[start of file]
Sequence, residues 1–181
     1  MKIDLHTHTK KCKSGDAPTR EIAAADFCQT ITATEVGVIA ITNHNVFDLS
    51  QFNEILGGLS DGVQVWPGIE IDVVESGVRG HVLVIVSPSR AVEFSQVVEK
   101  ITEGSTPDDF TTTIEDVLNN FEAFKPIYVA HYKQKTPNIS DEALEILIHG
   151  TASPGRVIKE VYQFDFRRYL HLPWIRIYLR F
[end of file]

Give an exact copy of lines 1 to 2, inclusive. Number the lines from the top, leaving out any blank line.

Sequence, residues 1–181
     1  MKIDLHTHTK KCKSGDAPTR EIAAADFCQT ITATEVGVIA ITNHNVFDLS